On Thursday, Oct. 19, former President George W. Bush delivered a speech that condemned many of the features of current President Donald Trump's politics. During the speech, the 43rd president of the United States urged Americans to "remember our values," denounced bigotry, and warned against the dangers of nationalism, which has fueled the "America first" worldview that Trump championed during his presidential campaign. During his George Bush's speech on bigotry and other political subjects, the former president said,
People of every race, religion, ethnicity can be fully and equally American. It means that bigotry or white supremacy in any form is blasphemy against the American creed and it means the very identity of our nation depends on the passing of civic ideals to the next generation. We need a renewed emphasis on civic learning in schools.
In the whole of the speech, Bush also spoke about the division of the U.S.'s national discourse and lamented the state of the country's politics. The 71-year-old former president said,
Bigotry seems emboldened. Our politics seems more vulnerable to conspiracy theories and outright fabrication. We've seen our discourse degraded by casual cruelty. At times, it can seem like the forces pulling us apart are stronger than the forces binding us together.
Bush didn't mention President Trump's name during the speech, but he delivered very obvious criticism of both Trump policies and controversial moments during Trump's presidency.
At one point, former President Bush asserted that the need to help people who are "hurting" in the U.S. should not mean fighting against globalization, which President Trump has long criticized as the source of many American problems. Bush said on Thursday,
People are hurting. They’re angry and they’re frustrated. We must help them. But we cannot wish globalization away, any more than we could wish away the Agricultural Revolution or the Industrial Revolution.
At another point, Bush warned that efforts from foreign governments to influence American politics — which a number of U.S. intelligence agencies agree is what Russia has tried to do — should not be downplayed. Trump, his administration, and other Republicans have been criticized throughout the year for doing just that: downplaying Russian influence. Bush said on Thursday,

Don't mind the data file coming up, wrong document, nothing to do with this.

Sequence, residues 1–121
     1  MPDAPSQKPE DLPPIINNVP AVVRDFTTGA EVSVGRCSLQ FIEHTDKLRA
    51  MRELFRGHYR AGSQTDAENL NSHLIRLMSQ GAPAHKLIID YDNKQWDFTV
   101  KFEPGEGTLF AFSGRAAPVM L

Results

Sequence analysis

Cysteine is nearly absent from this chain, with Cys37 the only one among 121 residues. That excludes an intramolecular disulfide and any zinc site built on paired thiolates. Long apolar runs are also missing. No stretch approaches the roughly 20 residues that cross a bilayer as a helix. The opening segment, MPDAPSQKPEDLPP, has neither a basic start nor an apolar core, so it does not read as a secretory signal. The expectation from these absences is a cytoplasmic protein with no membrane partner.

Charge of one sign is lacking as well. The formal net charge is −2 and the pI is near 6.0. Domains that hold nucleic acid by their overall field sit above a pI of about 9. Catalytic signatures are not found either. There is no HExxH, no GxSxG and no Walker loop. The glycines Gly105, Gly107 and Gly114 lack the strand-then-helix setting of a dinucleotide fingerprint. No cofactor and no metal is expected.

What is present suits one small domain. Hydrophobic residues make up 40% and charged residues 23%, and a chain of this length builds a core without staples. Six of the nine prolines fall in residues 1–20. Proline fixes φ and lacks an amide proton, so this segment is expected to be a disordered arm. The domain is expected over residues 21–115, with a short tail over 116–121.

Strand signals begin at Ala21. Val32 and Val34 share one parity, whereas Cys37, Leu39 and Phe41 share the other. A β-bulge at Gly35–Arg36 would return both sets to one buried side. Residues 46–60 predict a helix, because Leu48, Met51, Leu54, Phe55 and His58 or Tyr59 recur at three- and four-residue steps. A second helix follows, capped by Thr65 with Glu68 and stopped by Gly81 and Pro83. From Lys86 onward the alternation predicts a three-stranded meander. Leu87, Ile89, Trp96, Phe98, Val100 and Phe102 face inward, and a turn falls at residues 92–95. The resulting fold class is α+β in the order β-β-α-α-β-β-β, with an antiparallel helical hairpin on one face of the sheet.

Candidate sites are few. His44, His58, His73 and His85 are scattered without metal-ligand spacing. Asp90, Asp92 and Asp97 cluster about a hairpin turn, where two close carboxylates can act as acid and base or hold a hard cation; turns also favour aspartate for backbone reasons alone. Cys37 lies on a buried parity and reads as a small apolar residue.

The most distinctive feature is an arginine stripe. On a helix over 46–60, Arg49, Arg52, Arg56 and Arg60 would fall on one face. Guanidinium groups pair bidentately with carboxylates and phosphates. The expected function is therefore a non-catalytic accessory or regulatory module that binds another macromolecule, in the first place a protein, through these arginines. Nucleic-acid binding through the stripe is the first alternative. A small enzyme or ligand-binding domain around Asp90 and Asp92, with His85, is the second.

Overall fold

According to intelligence services the Russian government has made a project of turning Americans against each other. This effort is broad, systemic and stealthy. It is conducted across a range of social media platforms. Ultimately this assault won't succeed. Foreign aggressions including cyberattacks, disinformation and financial influence should never be downplayed or tolerated. It's a clear case where the strength of our democracy begins at home. We must secure our electoral infrastructure and protect our electoral system from subversion.
Bush's speech in New York came during a rare public appearance for the former Texas governor. Since leaving the White House, "W" has been known to seldom speak on current events. On Thursday, however, he made certain points that he had raised in the past.
Back in January, while speaking about the early days of the Trump presidency, Bush told People magazine,
I don’t like the racism and I don’t like the name-calling and I don’t like the people feeling alienated. Nobody likes that.
His speech in New York echoed the same sentiment. Bush said,
Bullying and prejudice in our public life sets a national tone, provides permission for cruelty and bigotry, and compromises the moral education of children. The only way to pass along civic values is to first live up to them.
Former President George W. Bush delivered his remarks at Manhattan's Time Warner Center, where the Bush Institute’s Spirit of Liberty event was held on Thursday.